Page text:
Notoriously unprolific, Chiang has published only twelve, tightly wound works of speculative fiction since his debut in 1990 with “Tower of Babylon.” That story, which posits a world in which Old Testament cosmology is scientific fact, is included in this collection along with the majority of Chiang’s subsequent pieces. Each explores the ramifications of a certain what-if twist with ingenious narrative precision and heady philosophical import, such as a genetic fix that removes the ability to see physical beauty, or the hermeneutic endeavors of scientists after the Singularity, when computers surpass human thought.
AKOSUA ADOMA OWUSU, ME BRONI BA (MY WHITE BABY), 2009
One of the revelations at the 2010 Rotterdam Film Festival was this twenty-two-minute experimental documentary by a young Ghanaian-American artist. Shooting on 16 mm and video, Owusu begins with a portrait of hairdressing salons in Accra, weaves in audio from Oprah Winfrey’s mission to distribute black dolls in Africa, and then transitions to her sister’s story of encountering white children for the first time after their family moved to the US. The final sequence, a slo-mo hair-flip set to a rendition of “This Land Is Your Land” by Sharon Jones and the Dap-Kings, tops off the critique with a moment of absolute exhilaration.
SUSAN SONTAG, PROMISED LANDS (1974)
Rereleased theatrically by micro-distributor the Film Desk earlier this year and soon to be made available for the first time on DVD, Sontag’s only documentary, shot in Israel during the Yom Kippur War, is arguably her finest film. It bears a dense sound design (doubtless influenced by avant-garde filmmaking) and a multitude of observational subtleties. Ahead of its time in both its form as visual essay and its implicit questioning of Israeli-Palestinian relations, it feels uneasily contemporarypolitically, at least, a testament to how little has changed.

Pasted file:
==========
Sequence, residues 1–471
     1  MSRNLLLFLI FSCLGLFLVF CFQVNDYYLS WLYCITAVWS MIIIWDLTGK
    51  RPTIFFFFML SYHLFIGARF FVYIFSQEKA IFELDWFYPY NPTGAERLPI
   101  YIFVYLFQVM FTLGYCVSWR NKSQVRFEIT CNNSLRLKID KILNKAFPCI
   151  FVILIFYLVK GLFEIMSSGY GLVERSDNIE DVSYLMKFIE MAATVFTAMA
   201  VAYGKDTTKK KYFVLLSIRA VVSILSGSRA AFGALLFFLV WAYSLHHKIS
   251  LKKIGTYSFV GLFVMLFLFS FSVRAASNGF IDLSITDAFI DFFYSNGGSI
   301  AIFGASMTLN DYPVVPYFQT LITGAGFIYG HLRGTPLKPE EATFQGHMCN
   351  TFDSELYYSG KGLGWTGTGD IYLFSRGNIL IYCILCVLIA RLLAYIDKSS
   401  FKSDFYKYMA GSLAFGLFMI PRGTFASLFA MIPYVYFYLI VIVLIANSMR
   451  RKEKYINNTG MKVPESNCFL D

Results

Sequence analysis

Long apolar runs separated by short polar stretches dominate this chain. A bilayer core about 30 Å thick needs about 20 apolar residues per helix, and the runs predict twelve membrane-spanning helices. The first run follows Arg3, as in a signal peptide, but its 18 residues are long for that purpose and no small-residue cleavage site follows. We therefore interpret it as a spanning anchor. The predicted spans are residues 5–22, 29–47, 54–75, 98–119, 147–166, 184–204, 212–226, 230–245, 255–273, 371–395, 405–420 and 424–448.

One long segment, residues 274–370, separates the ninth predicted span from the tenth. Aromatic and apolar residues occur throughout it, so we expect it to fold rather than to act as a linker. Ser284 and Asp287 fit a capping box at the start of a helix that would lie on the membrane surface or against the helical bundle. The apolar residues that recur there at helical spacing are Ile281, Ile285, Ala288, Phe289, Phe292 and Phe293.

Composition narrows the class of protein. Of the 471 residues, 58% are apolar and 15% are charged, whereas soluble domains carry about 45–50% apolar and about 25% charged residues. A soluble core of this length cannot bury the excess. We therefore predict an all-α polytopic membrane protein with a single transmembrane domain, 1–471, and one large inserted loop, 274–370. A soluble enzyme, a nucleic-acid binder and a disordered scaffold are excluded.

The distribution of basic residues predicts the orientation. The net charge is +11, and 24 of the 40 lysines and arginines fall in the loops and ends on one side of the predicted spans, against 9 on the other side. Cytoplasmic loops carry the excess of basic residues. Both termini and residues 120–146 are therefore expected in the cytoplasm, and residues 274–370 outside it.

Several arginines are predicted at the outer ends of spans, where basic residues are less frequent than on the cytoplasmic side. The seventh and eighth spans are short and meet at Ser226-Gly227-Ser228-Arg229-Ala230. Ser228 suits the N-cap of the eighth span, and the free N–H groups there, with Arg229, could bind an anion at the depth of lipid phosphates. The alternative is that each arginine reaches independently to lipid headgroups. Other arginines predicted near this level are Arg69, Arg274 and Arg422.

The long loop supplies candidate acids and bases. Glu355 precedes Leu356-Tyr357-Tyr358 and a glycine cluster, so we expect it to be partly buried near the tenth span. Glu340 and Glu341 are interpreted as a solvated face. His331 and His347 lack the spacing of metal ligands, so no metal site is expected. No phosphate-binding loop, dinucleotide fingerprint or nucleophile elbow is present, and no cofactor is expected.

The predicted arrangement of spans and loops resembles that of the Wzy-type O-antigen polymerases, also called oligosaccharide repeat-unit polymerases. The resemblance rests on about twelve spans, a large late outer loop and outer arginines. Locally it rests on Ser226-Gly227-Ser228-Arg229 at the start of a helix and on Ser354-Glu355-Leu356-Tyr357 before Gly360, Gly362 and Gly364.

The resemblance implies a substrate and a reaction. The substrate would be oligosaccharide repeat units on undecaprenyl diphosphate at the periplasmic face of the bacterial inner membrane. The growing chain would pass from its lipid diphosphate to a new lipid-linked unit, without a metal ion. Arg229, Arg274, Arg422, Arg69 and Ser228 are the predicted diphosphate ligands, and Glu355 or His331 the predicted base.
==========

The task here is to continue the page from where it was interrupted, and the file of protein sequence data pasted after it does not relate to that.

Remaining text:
BETTINA FUNCKE, POP OR POPULUS: ART BETWEEN HIGH AND LOW (STERNBERG, 2009)
What Funcke calls “a stubborn attempt to join philosophy and art history,” Pop or Populus is a necessary rejoinder to the accepted cliché that the 1960s engendered a collapse of high and low. Even if the content has blurred, Funcke counters, the essential structure remains. She explores numerous implications of her thesis that today’s art continues to operate in a complex negotiation between its status as high culture and its abiding fascination withbut functional separation fromtrue popular culture.
GAMES BY CACTUS (WWW.CACTUSSQUID.COM)
Cactus is the Internet handle of Swedish experimental game maker Jonatan Söderström, who delights in producing all manner of low-res titles drawing on forms long abandoned by console-based designers. Wildly inventive despite their constraints, Söderström’s games range from the twitchy psychedelic shoot-’em-up Ad Nauseam 2 (2008) to the contemplative metanarrative side-scroller Psychosomnium (2008) to Norrland (2010), an ultraviolent variant of The Oregon Trail set in the rednecky Scandinavian hinterlands.
CHINA MIÉVILLE, THE CITY & THE CITY (DEL REY, 2009)
Nothing less than a Borgesian police procedural, Miéville’s novel is set in two cities conjoined by a strictly codified but largely nongeographic border: Residents of each willfully disbelieve that they can see the other metropolis. For the book’s gumshoe protagonist, navigating this cumbersome but ingrained practice proves central to solving a series of murders; as a result, the narrative becomes a weird Situationist mirror to the convoluted psychology of real urban spaces.